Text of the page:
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Novel Graphics
September 21, 2009 10:00 AM   Subscribe

"A few months ago, I got an email from Paul Buckley, the wonderful art director at Penguin Classics, who asked if I wanted to illustrate a book cover for him..." Illustrator Michael Cho on designing a cover for Don Delillo's White Noise as part of the Penguin Graphic Classics series, in which prominent comic artists and illustrators create covers for literary classics. All the covers can be found in this flickr set, including Daniel Clowes’s Frankenstein, Candide illustrated by Chris Ware, and Frank Miller's (kind of disappointing) cover for Gravity's Rainbow.
posted by dersins (23 comments total) 25 users marked this as a favorite

 
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posted by dersins at 10:04 AM on September 21, 2009


These colorful comic book style covers will lead to a generation of disappointed 10th graders.
posted by 2bucksplus at 10:08 AM on September 21, 2009 [2 favorites]


Now all I want is Chris Ware's Candide.
posted by cmoj at 10:10 AM on September 21, 2009


All kinds of awesome. Part of me cringes at the re-packaging of the classics which should be easy enough to pick up at any local used book store (assuming there are still used book stores in your neck of the woods) or online via used book sellers, but at the same time I'm all for getting weird comic artists and illustrators more recognition (Frank Miller, Art Spiegelman, and Roz Chast are the only folks I'd consider known to a larger audience, but my view may be tilted from my interest in who drew what).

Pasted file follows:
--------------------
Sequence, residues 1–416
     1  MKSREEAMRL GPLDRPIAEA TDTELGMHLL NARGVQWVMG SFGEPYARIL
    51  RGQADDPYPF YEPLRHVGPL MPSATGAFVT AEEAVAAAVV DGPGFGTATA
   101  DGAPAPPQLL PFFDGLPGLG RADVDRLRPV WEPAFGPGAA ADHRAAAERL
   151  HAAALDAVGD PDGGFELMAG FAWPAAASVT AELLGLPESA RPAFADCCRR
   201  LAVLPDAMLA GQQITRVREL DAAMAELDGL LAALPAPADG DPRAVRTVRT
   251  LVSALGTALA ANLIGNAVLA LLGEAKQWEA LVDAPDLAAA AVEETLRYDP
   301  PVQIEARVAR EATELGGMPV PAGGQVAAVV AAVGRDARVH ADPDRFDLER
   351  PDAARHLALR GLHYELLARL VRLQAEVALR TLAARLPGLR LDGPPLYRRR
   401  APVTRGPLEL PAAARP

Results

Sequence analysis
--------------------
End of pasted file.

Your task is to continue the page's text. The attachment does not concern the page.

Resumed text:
Dharma Bums by Jason made me happy.

I think Tomer Hanuka needs to work on his arm details (that man has more tentacle than arm, it must reach past his knees when standing upright!)
posted by filthy light thief at 10:15 AM on September 21, 2009


That Marquis De Sade cover rocks.
posted by sciurus at 10:16 AM on September 21, 2009 [1 favorite]


How perfect is it that they tapped Frank Miller to do the cover for a book featuring castration anxiety?
posted by Joe Beese at 10:18 AM on September 21, 2009 [3 favorites]


These colorful comic book style covers will lead to a generation of disappointed 10th graders.

It's for that reason I actually kind of dig the Frank Miller cover for Gravity's Rainbow. That's a book that should really speak for itself (well, shouldn't they all, I suppose); a cover too flashy would only get in the way of the insanity inside.

But I particularly like it because it's a black and white texture, with a rocket. "Hey what's this, a book about rockets? Rockets = win. But, it's in black and white...yet it says 'rainbow.' What's that about? Now I'm curious."

And then THE COLOR IS FILLED IN BY THE WORDS!!!!!!!!!!!!!
posted by SmileyChewtrain at 10:19 AM on September 21, 2009


That's not a disappointing Frank Miller cover. This is a disappointing Frank Miller cover.
posted by Artw at 10:20 AM on September 21, 2009


These colorful comic book style covers will lead to a generation of disappointed 10th graders.

Like kids today read comics...
posted by Artw at 10:23 AM on September 21, 2009


A lot of these are pretty great book covers.

And, a lot of them kind of seem like the artists took "design a book cover for ____" to mean "draw a one page comic about ____". They're neat comics, I guess, but as book covers? Meh.
posted by graventy at 10:37 AM on September 21, 2009


Dharma Bums by Jason made me happy.

Yeah, that one is probably my favorite, partly because it's awesome, but also because it kind of feels like it wouldn't have been out of place as the original cover.
posted by dersins at 10:39 AM on September 21, 2009


This is brilliant and evil, because now I am going to buy many of these goddamn books, even the ones I own already.

Damn you, Penguin!
posted by rokusan at 10:46 AM on September 21, 2009


They're neat comics, I guess, but as book covers? Meh.

Bet you didn't like this either. :-)

/snark

Ware has done a bunch of posters, covers, etc... like that. They're all pretty great, IMHO.